Wednesday, January 29, 2014

We used to make things in this country. #139: RCA Victor Company Ltd., Montréal, Québec

Below, seen at an estate auction last summer:

This is apparently a 1938 model.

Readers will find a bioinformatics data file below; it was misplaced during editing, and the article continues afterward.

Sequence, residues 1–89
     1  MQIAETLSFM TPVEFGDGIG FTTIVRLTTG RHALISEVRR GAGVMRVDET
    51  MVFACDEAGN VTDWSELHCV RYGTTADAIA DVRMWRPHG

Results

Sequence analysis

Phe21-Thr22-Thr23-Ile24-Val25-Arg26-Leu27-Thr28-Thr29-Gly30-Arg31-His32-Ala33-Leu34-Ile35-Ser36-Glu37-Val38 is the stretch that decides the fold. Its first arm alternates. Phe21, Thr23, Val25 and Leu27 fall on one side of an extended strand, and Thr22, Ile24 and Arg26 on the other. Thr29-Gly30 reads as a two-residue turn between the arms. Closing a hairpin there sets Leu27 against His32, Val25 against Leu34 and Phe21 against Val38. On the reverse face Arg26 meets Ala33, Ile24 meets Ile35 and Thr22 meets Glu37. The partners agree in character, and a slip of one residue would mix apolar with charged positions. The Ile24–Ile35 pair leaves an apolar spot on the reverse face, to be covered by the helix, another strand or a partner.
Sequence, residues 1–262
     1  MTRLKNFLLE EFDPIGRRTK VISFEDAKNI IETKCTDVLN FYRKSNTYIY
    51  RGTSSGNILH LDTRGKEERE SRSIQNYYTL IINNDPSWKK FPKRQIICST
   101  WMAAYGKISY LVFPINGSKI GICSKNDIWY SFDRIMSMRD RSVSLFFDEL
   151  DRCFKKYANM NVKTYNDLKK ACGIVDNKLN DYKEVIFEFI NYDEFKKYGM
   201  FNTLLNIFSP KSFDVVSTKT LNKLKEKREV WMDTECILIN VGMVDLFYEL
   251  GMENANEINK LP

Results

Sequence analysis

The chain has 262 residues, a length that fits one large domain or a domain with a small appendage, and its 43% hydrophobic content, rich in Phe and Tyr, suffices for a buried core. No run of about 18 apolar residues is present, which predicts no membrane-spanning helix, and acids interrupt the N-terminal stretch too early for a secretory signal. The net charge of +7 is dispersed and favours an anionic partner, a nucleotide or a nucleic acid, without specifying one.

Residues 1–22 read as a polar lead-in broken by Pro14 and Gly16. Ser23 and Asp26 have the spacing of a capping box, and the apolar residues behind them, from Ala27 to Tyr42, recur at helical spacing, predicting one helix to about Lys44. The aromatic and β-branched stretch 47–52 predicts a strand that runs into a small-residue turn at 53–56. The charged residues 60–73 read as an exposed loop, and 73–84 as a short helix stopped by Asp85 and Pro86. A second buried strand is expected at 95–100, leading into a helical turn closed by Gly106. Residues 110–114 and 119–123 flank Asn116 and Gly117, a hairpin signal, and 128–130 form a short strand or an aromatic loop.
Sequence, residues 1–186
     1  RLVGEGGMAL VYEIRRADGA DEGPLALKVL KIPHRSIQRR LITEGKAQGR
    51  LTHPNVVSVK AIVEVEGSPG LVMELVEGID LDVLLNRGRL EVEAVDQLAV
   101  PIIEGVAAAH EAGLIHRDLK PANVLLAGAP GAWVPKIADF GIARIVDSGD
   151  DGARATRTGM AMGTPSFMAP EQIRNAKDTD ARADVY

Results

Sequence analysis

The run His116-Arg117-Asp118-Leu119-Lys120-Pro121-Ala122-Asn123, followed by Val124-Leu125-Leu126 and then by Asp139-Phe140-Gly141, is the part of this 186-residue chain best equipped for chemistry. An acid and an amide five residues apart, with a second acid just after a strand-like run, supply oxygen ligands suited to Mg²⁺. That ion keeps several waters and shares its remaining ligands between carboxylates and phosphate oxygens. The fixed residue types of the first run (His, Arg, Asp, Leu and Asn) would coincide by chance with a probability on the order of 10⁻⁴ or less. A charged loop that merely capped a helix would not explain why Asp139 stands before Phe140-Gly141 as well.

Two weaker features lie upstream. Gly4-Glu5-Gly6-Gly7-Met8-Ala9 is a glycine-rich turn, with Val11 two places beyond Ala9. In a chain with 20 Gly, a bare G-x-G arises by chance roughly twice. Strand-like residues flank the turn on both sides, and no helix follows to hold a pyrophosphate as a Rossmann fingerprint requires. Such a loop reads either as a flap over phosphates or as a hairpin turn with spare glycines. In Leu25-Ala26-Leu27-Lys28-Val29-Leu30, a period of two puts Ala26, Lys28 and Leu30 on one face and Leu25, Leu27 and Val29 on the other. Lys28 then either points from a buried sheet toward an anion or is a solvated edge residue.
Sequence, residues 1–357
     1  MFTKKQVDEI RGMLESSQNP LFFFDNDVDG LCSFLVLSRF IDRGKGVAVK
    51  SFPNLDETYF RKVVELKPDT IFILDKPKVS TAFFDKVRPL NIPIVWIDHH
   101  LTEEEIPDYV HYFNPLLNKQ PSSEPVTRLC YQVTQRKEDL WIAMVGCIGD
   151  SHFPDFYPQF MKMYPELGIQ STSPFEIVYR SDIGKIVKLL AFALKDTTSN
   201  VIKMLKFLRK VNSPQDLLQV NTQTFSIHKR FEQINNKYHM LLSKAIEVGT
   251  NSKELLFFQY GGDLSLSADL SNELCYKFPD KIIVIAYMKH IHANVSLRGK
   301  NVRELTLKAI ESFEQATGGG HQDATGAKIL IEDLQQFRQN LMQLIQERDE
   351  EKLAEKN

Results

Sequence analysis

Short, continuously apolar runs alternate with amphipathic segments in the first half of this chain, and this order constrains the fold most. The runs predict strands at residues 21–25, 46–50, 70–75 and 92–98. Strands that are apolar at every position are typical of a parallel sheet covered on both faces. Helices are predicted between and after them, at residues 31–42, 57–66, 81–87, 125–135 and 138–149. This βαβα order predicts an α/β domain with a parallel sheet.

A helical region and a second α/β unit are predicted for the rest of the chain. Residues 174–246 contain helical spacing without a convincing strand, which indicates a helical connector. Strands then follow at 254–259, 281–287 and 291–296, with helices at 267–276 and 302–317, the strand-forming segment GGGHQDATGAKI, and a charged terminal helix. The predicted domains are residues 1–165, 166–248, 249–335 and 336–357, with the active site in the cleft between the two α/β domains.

Emile Berliner invented the disc record and the microphone, but was mired in litigation in the U.S.  Consequently, he packed up and came to Canada in 1900, creating the Berliner Gramophone Company of Montreal.  In the U.S., the Berliner company became the Victor Talking Machine Company in the early 1920's.  RCA merged with Victor in 1929, which included equity in the Canadian firm.  In 1929, RCA bought out the Canadian firm completely.  Radios in Canada were actually made under contract by Canadian Westinghouse and Canadian General-Electric.  By 1940, the company was employing 150 people in a 300,00 square foot plant, and RCA Victor was the largest record maker in Canada.  In the late 1950's and early 1960's, the Montreal plant made some of the parts for Alouette I, Canada's first satellite.  In the early 1970's, production was moved to the U.S. and Japan.  The history of Berliner and the company is now preserved in the Musée des Ondes Emile Berliner in Montréal.

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